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Posts by bsimpsen

Agreed, Microsoft's move to ARM is reactive. Apple's agglomeration of chip design experts seems proactive to me.
I'd much rather see Apple make Windows compatibility irrelevant by fielding good native applications (or creating an environment attractive enough for others to do so), so I agree that Win RT emulation will probably not be a big deal. While Apple may have seen the ability to virtualize Windows as important during the PowerPC->Intel transition, I don't think they're seeing that now.
Apple stated, at the introduction of the iPhone five years ago, that iOS is a slimmed down OS-X. A So OS X ALREADY runs directly on ARM, in more than 400 million devices. Applications written in Objective C under X-Code (which is used for both iOS and OS X development, already supporting both instruction sets) could be recompiled into ARM with the flick of a switch (once 64-bit arrives), so that takes care of the bulk of existing native OS X applications.   When Apple...
I forgot to add that Microsoft's forking of Windows into both ARM (RT) and X86 variants may open the door for Apple ARM hardware to virtualize Win RT. That brings Office to iOS, which is a pretty big deal.
  ARM runs OS X natively already, so emulation is pointless. I believe you meant that ARM would have difficulty emulating the X86 instruction set. As Apple is designing the processor, emulation of the X86 instruction set is probably more a legal problem than a technological one. The PA Semi folks have already implemented two different instruction sets, PowerPC and ARM. X86 would not be beyond their grasp. However, they can't get a license to run X86 by purchasing AMD...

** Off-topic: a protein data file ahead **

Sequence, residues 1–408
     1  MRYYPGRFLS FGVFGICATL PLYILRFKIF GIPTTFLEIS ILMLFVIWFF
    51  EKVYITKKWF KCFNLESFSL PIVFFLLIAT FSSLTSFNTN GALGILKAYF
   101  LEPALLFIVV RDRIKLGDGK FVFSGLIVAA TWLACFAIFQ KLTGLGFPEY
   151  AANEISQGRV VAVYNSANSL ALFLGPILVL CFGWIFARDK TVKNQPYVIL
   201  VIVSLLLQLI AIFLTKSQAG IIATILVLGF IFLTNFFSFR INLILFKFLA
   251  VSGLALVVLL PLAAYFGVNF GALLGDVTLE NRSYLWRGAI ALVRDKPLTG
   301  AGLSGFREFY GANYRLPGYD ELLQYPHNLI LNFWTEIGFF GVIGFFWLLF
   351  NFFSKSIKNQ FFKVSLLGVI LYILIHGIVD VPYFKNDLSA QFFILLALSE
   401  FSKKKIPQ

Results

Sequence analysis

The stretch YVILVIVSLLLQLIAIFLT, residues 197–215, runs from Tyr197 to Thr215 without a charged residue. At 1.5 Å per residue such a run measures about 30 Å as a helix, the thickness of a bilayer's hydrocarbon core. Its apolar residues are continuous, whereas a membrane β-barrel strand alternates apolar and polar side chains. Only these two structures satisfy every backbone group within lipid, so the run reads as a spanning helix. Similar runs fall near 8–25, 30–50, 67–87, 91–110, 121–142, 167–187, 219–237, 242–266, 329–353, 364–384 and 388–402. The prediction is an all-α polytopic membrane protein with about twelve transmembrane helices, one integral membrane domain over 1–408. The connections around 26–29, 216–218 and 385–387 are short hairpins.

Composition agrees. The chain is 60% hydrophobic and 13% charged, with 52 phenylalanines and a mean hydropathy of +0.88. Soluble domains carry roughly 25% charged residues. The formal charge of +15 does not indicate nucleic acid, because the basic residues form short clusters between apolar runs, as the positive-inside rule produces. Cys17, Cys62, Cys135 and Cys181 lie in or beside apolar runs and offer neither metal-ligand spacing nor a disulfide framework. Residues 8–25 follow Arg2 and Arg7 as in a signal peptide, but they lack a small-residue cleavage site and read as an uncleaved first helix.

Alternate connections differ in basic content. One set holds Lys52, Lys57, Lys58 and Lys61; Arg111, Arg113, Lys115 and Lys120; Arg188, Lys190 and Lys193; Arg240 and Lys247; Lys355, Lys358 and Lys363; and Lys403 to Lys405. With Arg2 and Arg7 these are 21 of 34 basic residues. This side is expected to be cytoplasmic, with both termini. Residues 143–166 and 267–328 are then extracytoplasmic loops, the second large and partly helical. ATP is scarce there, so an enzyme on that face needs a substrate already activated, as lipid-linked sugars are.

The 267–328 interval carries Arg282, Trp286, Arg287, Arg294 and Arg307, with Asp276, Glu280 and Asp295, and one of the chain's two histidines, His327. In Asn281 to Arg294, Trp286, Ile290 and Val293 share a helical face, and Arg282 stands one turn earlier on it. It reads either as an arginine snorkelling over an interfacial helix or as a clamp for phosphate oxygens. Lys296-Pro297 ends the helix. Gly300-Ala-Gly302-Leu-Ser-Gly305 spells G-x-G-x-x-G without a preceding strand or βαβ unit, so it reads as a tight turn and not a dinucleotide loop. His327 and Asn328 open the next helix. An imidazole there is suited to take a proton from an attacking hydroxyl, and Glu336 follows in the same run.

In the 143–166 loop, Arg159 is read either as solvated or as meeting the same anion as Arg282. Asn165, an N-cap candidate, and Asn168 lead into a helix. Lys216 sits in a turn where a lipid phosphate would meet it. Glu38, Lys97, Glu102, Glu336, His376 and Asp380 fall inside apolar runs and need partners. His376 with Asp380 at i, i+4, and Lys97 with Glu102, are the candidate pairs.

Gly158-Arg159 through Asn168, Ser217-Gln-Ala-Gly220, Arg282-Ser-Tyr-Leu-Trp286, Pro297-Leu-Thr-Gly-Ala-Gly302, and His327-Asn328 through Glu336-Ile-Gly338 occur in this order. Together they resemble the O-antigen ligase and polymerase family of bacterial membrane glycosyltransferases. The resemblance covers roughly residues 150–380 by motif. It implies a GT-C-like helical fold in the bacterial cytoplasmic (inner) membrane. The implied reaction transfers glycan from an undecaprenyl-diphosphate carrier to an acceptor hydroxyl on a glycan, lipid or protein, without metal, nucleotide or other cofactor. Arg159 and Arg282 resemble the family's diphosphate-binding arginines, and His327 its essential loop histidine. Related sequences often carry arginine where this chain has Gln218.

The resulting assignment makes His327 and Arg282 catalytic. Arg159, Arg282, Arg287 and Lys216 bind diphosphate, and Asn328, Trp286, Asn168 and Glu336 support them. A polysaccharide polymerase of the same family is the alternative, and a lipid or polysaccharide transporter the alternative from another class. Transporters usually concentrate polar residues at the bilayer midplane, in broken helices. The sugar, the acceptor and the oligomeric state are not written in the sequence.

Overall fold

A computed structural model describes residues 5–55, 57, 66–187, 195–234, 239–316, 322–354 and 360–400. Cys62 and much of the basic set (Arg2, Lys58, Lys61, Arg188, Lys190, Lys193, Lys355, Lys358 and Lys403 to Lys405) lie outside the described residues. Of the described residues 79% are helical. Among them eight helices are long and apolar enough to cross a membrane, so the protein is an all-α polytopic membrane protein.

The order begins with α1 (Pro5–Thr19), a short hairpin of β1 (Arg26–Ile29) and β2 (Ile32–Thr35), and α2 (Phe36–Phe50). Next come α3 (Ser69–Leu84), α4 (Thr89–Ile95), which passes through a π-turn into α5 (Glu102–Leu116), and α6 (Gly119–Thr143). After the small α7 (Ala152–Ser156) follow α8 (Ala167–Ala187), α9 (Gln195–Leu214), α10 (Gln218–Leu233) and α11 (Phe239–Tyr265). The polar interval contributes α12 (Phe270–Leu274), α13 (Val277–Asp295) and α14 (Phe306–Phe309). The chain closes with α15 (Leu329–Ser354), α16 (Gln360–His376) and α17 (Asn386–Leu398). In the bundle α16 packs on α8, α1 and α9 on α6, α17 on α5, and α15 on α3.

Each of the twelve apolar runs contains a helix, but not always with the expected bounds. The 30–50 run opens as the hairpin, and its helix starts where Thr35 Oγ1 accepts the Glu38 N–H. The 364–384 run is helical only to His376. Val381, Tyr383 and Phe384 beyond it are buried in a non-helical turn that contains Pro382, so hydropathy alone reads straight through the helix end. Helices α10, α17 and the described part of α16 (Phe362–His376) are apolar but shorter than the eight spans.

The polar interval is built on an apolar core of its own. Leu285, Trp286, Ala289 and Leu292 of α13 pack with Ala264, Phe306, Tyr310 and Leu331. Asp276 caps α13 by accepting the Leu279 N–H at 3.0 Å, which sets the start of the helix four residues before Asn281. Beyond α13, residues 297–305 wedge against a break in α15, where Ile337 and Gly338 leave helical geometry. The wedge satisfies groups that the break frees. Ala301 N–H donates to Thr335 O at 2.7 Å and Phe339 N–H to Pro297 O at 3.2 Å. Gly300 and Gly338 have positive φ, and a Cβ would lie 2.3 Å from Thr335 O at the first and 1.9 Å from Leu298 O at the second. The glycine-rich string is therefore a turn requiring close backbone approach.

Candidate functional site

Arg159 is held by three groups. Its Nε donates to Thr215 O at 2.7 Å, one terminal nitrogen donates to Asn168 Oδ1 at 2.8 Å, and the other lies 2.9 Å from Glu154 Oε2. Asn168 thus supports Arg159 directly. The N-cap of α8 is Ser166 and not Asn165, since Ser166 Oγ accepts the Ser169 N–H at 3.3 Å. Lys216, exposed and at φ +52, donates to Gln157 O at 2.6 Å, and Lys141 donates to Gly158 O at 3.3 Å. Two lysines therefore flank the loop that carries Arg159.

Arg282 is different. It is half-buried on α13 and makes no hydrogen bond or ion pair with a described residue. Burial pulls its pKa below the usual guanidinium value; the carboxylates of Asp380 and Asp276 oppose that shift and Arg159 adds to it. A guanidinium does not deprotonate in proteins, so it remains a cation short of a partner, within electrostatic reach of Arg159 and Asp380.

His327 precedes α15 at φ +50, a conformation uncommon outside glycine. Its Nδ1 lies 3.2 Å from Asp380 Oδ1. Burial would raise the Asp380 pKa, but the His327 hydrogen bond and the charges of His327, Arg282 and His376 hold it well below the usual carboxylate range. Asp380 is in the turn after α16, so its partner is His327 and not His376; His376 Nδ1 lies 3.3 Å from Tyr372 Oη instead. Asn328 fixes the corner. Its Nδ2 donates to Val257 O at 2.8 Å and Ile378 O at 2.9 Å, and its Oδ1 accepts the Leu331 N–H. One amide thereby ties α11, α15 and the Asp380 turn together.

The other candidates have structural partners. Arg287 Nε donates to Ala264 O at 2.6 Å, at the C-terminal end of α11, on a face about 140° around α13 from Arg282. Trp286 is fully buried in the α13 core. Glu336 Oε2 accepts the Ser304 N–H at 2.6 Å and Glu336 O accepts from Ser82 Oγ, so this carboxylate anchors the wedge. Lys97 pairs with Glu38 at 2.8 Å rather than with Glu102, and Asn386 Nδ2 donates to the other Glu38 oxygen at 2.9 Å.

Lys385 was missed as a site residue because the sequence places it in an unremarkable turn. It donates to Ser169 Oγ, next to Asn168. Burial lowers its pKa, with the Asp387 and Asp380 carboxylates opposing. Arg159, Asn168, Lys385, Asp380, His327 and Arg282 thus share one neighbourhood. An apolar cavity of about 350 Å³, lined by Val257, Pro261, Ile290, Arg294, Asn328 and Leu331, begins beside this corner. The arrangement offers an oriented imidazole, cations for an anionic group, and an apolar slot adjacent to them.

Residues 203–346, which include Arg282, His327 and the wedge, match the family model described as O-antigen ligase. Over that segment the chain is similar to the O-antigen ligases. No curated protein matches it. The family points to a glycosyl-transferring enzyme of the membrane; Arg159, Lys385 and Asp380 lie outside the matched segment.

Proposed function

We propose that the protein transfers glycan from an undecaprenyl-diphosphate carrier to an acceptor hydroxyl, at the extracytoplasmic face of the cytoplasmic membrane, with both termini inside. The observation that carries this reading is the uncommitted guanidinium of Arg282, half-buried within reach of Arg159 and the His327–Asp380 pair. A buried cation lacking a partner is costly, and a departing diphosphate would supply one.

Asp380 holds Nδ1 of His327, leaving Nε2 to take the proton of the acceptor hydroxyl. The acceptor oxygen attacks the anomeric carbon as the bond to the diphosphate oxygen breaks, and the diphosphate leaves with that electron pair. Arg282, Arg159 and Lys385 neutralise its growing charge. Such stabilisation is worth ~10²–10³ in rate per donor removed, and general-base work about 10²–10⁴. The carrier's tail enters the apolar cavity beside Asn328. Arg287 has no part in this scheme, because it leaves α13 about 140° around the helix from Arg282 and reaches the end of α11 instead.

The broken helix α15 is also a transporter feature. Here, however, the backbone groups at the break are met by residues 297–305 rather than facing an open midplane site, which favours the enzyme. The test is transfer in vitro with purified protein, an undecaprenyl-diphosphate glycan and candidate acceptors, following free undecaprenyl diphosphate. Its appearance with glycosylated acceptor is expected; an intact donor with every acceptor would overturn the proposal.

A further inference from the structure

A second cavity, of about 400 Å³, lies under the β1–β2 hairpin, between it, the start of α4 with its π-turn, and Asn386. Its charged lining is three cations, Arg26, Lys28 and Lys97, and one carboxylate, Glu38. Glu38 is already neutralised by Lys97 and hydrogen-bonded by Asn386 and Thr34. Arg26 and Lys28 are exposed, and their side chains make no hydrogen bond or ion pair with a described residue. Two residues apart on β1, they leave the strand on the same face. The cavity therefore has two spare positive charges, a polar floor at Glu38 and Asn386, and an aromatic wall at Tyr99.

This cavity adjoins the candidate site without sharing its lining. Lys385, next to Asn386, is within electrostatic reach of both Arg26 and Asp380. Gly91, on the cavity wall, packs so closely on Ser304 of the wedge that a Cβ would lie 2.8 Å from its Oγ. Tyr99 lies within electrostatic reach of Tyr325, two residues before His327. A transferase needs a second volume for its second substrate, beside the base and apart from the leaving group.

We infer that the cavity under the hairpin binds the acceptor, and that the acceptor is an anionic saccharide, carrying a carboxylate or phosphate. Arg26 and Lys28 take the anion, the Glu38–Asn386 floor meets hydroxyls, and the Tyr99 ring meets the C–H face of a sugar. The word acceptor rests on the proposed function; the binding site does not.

Given that iOS is OS X, it's fair to say that Apple ported to ARM quite some time ago.   If you plot the increase in performance of the A-Series over time, it's growing faster than X86. Intel's expertise may be more in process than in architecture. I think there is some room for architecture, particularly one optimized by the same company that fields the OS and rest of the hardware, to match Intel's advantage in process. Remember that Apple's elimination of Intel also...
Thanks for explaining why this line of reasoning doesn't work for you.
Some of Apple's magic is very old stuff, particularly the reasonably seamless integration of hardware and software and the drive for simplicity. They've had that since 1984 but it's only in the last decade that it's been seen as something worth copying, perhaps because Apple moved out of the computing world into the appliance world. Because they moved their magic to a realm where it's better appreciated, and kept integration with the computers, they were able to grow...
The iPhone is not years ahead of the competition technologically. What puts Apple ahead of the competition (in profits) is everything Apple does, and it is still not 3-5 years ahead of the competition. The analyst claimed that the iPad Mini will contain technology that puts that far ahead. Name one technology you expect the iPad Mini to possess which is 3-5 years ahead of the rest of the world. A6? Nope. DIsplay? Nope. Camera? Nope. iOS? Nope (and it's the same iOS that's...
The KGI analyst's claims that Apple's iPad Mini technology will give it a 3-5 year lead on the competition seems to show a stunning ignorance of technology. When Steve Jobs made such claims, you could chalk it up to spin, but when an analyst makes such claims, you've got to wonder what he's been analyzing.
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